Between Alexa, Siri, and Google, artificial intelligence is quickly changing us and the way we live. We no longer have to get up to turn on the lights or set the thermostat, we can find the fastest route to work with a click, and, most importantly, tag our friends in pictures. But interacting with the world isn't the only thing AI is making easier – now we can use it save the world, too.

Keep Reading Show less
Good News

An anonymous White House official claims President Trump cruelly limited Hispanic immigrants in their new book, "A Warning."

The book, to be released on November 19, gives an alleged insider account of the Trump White House and paints a picture of the president as a chaotic man who lacks the mental and moral acumen required for the job.

The anonymous staffer says that Trump once feigned a Hispanic accent and made fun of women attempting to immigrate to the U.S.

Keep Reading Show less
Politics
via KTVU / YouTube

The 63-year-old Oakland-Alameda Coliseum, currently branded the RingCentral Coliseum, is one of the most decrepit sports venues in America.

The home to the the NFL's Oakland Raiders (until they move to Las Vegas next season) and MLB's A's, is notoriously known as the Black Hole and has made headlines for its frequent flooding and sewage issues.

One of the stadium's few positive aspects is its connection to public transportation.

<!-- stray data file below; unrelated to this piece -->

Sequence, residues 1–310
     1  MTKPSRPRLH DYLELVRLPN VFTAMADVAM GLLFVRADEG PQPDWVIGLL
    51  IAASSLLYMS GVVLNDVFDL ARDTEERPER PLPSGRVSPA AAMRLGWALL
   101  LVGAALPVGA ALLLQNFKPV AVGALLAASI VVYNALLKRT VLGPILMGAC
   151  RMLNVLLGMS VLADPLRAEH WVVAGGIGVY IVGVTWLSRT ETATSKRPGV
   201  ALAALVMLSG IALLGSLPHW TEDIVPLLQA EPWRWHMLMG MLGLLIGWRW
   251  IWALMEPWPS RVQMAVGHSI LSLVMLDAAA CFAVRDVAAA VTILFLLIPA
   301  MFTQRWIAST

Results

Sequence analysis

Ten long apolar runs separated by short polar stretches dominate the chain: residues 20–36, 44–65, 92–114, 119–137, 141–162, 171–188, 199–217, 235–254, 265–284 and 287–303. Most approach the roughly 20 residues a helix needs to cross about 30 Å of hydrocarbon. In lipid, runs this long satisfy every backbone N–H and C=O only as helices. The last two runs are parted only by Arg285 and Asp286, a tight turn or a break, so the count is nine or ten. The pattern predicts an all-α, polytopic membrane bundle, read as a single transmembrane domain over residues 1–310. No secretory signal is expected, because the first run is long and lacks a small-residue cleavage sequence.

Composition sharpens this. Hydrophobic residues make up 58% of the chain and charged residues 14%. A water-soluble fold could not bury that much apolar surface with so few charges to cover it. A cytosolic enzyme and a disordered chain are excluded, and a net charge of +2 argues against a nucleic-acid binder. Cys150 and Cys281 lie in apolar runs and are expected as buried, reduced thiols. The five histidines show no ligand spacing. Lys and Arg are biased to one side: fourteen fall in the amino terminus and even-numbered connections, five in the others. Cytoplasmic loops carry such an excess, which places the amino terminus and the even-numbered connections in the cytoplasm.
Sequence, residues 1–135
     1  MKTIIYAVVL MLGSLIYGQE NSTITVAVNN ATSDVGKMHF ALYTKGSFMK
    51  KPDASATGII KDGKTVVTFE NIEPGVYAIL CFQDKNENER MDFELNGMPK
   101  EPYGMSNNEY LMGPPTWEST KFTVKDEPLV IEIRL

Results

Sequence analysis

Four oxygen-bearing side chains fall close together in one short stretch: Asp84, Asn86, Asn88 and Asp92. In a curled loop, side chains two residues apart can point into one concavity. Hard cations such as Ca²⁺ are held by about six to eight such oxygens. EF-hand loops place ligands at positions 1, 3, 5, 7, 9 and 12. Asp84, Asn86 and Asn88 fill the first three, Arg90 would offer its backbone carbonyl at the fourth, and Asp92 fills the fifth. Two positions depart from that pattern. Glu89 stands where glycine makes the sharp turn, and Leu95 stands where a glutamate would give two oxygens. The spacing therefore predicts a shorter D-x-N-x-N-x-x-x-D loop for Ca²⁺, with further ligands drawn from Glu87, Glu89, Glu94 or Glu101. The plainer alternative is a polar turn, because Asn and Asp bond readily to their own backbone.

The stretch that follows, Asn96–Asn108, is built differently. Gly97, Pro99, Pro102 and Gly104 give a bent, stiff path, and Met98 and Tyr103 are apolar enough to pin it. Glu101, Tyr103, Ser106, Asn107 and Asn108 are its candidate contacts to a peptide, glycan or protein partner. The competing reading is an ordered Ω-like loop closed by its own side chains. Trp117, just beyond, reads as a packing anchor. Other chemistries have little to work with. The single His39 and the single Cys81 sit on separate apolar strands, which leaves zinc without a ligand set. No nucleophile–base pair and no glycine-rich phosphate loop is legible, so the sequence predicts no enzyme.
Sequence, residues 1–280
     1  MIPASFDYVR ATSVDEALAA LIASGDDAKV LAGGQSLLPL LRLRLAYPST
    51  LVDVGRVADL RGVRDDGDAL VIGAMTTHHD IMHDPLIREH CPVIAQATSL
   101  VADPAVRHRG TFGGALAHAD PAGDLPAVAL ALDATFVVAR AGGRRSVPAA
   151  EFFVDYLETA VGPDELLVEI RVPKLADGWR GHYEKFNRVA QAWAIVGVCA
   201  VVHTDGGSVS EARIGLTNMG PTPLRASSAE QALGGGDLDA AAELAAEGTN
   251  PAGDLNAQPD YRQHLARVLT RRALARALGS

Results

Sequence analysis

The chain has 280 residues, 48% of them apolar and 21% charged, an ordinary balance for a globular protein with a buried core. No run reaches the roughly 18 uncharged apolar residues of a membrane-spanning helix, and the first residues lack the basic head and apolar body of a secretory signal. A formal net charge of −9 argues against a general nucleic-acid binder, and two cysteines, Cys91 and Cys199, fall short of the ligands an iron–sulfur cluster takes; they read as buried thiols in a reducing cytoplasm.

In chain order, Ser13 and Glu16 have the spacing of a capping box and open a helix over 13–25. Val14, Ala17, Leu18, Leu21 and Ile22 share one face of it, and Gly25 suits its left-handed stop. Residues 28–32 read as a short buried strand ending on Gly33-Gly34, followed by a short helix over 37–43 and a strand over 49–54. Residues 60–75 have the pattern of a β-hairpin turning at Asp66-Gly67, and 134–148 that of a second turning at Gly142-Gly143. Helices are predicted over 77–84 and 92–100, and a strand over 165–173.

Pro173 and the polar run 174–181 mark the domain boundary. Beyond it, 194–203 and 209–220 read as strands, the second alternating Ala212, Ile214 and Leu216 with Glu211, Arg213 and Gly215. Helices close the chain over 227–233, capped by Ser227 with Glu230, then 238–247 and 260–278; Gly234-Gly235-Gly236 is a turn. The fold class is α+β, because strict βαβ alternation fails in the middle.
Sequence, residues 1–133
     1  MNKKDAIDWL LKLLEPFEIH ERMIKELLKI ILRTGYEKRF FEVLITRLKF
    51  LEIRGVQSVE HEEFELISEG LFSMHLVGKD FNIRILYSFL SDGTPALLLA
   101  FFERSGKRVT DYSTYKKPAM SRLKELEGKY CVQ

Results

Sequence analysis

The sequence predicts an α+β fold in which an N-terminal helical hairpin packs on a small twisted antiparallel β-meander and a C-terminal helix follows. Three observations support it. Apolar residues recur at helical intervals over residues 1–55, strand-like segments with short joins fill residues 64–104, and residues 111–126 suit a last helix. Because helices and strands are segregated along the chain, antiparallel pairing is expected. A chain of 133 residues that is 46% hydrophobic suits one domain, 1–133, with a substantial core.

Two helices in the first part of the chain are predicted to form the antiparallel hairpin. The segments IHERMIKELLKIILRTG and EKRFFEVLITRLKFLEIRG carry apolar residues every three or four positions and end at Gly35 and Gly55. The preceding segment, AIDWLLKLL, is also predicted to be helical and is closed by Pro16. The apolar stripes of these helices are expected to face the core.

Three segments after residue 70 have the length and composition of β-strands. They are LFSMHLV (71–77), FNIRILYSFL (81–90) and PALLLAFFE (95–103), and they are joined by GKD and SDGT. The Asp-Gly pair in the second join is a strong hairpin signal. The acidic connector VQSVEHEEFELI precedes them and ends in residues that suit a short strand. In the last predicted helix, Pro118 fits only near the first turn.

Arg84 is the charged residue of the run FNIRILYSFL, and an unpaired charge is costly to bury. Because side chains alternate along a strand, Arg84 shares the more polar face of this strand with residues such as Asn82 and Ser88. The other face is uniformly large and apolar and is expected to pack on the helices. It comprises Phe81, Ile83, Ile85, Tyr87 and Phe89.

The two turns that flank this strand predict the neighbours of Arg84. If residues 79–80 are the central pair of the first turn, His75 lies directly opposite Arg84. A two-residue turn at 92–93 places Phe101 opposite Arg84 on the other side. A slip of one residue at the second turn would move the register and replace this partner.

Keep Reading Show less
Hero Video
Yad Vashem

Since 1992, the Jewish Foundation for the Righteous has been holding reunion ceremonies between Holocaust survivors and rescuers once a year. But the tradition is coming to an end, as many have died or are too frail to travel. What might be the last reunion of its kind took place when a 92-year-old woman met up with the two surviving family members that she helped hide during the Holocaust, and their descendants.

Sarah Yanai and Yossi Mor introduced Melpomeni Dina (nee Gianopoulou) to their almost 40 family members, all decedents of the Mordechai family, the family of seven that Dina and her two sisters hid during WWII. "There are no words to describe this feeling," Dina told the Jeruselum Post. "It is very emotional for us to be together again."

Keep Reading Show less
Culture
via Facebook / Autumn Dayss

Facebook user and cosplayer Autumn Dayss has stirred up a bit of Halloween controversy with her last-minute costume, an anti-Vaxx mother.

An image she posted to the social network shows a smiling Dayss wearing a baby carrier featuring a small skeleton. "Going to a costume party tonight as Karen and her non-vaccinated child," the caption over the image reads.

Keep Reading Show less
Health